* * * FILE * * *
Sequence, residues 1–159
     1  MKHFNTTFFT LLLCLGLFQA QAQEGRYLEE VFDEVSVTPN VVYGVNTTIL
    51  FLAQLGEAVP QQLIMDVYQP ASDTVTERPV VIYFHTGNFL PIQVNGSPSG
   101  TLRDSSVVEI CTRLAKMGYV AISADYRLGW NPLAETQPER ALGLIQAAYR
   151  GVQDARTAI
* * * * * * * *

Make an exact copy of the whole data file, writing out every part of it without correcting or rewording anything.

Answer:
Sequence, residues 1–159
     1  MKHFNTTFFT LLLCLGLFQA QAQEGRYLEE VFDEVSVTPN VVYGVNTTIL
    51  FLAQLGEAVP QQLIMDVYQP ASDTVTERPV VIYFHTGNFL PIQVNGSPSG
   101  TLRDSSVVEI CTRLAKMGYV AISADYRLGW NPLAETQPER ALGLIQAAYR
   151  GVQDARTAI